- Several songs by ACDC, like Highway to Hell, You Shook Me All Night Long, Rock N Roll Train. One can often learn the name of the song by listening to the only thing they're shouting in the chorus.
- Make that almost every song by ACDC.
- Rage Against the Machine are big fans of this. Most of their songs that don't have a Title-Only Chorus at the very least have a one-line chorus, like "Killin' in the Name".
- Material Issue's "Valerie Loves Me", though they usually only sing it once per chorus.
- Redbone - "Come and Get Your Love"
- Elliott Smith - "Needle in the Hay."
- The Police love this trope, particularly in their earlier stuff - "Roxanne," "So Lonely," "Don't Stand So Close to Me," "Walking in Your Footsteps," "Can't Stand Losing You", "When the World is Running Down You Make the Best of What's Still Around," "Spirits in the Material World" (more or less), "The Bed's Too Big Without You," "It's Alright for You", "Hole in my Life," "Born in the '50s", "Truth Hits Everybody," "Driven to Tears," "Rehumanize Yourself", and there are probably a few more.
- The Residents - "You Yesyesyes".
- Weird Al Yankovic - "Albuquerque".
- Nightwish - "Master Passion Greed", "Meadows of Heaven"
- Marilyn Manson - "I Don't Like The Drugs (But The Drugs Like Me)"
- The Living End - Whats On Your Radio? The first half of the chorus and the last line anyway.
- All Torn Down fits better.
- Van Halen - "Panama"
- Yes - "Leave It"
- Judas Priest - "Breaking The Law", "Hell Bent For Leather"
- The B 52s - "Rock Lobster"
- As well as "Trism" and "Girl From Ipanema Goes To Greenland".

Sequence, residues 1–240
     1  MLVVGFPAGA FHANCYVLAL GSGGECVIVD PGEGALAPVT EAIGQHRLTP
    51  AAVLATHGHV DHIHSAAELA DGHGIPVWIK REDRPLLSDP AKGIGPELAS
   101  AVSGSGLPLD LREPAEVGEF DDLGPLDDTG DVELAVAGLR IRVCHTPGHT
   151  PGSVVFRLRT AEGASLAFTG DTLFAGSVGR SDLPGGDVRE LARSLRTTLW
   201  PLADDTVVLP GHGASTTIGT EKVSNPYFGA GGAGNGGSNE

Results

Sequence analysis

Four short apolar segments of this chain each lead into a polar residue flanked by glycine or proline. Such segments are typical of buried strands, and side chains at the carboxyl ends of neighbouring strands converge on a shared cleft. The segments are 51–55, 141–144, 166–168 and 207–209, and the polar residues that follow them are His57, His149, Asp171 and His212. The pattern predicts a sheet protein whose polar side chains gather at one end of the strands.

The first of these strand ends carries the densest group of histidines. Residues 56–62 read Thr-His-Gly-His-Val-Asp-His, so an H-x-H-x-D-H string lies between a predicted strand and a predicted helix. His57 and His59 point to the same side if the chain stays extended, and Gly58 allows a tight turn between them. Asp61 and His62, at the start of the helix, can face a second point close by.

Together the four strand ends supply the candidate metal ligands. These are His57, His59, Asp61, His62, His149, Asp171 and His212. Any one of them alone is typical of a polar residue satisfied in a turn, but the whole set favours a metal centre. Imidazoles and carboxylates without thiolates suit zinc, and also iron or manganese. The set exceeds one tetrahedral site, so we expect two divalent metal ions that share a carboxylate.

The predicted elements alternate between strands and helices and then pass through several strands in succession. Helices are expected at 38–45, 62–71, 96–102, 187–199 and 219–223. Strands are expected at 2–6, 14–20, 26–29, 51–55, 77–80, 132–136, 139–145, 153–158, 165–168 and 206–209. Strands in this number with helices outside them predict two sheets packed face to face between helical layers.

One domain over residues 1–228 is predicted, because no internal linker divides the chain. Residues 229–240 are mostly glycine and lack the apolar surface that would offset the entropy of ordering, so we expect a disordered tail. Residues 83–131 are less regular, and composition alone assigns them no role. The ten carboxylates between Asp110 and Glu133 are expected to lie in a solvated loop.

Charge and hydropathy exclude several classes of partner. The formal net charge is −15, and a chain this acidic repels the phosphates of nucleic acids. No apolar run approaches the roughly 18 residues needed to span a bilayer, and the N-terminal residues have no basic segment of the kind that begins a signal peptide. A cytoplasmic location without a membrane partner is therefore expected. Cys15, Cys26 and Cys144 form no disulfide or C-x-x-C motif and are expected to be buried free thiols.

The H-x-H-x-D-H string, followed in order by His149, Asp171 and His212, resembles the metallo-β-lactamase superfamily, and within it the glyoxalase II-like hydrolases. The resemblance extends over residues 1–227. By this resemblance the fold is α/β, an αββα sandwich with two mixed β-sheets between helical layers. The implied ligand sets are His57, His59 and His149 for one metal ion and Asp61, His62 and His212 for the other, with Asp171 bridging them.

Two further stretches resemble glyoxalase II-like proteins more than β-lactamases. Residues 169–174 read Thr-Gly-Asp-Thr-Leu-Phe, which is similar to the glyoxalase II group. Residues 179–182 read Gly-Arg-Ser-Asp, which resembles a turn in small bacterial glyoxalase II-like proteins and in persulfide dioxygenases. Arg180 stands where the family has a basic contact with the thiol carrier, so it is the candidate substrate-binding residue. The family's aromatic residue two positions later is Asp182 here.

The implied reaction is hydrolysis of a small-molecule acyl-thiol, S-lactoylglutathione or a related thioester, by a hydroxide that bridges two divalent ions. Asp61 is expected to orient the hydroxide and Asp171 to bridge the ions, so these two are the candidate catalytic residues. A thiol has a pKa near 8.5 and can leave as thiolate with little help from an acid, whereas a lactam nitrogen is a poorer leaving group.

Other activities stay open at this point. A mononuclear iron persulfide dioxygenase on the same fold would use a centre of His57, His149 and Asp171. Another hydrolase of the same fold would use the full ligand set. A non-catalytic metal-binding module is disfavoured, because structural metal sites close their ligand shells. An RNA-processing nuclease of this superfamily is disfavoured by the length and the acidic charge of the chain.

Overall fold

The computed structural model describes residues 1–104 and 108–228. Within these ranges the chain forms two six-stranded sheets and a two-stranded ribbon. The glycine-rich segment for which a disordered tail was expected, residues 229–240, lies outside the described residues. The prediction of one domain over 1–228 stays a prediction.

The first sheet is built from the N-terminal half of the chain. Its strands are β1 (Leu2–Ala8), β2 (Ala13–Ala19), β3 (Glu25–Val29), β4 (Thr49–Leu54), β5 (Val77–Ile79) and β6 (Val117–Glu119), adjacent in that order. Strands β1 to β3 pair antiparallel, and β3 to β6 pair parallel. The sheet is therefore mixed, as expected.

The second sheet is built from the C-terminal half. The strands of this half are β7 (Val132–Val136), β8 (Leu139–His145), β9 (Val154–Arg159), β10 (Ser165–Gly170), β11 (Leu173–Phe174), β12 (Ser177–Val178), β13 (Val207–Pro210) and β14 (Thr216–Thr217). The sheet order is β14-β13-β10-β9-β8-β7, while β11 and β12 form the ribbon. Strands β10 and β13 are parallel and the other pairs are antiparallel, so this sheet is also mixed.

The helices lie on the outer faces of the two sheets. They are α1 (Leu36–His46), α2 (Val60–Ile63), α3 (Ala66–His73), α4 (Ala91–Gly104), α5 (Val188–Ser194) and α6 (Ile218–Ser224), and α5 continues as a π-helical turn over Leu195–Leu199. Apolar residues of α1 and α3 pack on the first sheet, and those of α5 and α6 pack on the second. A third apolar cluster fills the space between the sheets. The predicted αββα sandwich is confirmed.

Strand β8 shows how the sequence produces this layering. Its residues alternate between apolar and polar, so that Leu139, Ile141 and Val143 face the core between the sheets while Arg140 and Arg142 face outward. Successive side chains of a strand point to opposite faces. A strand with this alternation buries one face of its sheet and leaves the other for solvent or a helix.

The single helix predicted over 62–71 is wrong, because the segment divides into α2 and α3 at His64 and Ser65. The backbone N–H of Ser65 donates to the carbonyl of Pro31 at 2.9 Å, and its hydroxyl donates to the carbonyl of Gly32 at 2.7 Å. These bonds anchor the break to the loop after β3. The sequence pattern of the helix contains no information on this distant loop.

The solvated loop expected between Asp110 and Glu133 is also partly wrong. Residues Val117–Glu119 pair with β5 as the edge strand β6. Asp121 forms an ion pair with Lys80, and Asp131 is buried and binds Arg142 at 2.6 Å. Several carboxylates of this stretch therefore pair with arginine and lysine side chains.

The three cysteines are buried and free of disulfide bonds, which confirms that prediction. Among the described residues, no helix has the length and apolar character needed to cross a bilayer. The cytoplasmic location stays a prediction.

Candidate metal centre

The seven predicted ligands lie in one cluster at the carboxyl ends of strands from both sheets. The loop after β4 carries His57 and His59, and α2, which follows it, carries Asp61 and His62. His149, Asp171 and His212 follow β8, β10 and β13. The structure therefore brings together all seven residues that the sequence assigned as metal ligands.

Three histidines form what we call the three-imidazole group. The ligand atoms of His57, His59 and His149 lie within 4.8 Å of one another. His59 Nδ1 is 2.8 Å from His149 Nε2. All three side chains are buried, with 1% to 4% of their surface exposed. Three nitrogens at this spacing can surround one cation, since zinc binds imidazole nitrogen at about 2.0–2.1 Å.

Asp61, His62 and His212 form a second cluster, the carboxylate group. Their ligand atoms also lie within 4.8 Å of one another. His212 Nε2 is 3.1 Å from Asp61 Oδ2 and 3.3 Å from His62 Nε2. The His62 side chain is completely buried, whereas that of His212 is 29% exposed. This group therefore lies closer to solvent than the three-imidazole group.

- War - "Why Can't We Be Friends?"
- Dolly Parton and of course Whitney Houston - "I Will Always Love You"
- Toots & The Maytals - "54-46 (That's My Number)". The better known remake/sequel they did a couple years later ("54-46 Was My Number") doesn't qualify, though.
- Arguably, "Trogdor" by Strong Bad.
- The Arrogant Worms come close with "Don't Go Into Politics". Every other line is "don't go into politics/science/music", alternating with "you'll end up dead".
- Spoon - "Sister Jack".
- "Help Me" by Timo Maas featuring Kelis.
- Paramore - "(You Are) The Only Exception".
- The Pixies - "Where is My Mind".
- Philip Glass - "Koyaanisqatsi"
- Screeching Weasel - "You'll Be In My Dreams Today".
- Reel 2 Real - "I Like To Move It"
- Nirvana - "Something In The Way". Not to mention that the chorus is practically the only audible part of the song.
- Red Hot Chili Peppers - "Californication" (although the exact lyric is actually "Dream of Californication"), "Me and My Friends", "Behind the Sun".
- Many, many songs by Drivin' N Cryin' follow this trope.
- "Gimme More" by Britney Spears
- "Liar" by Emilie Autumn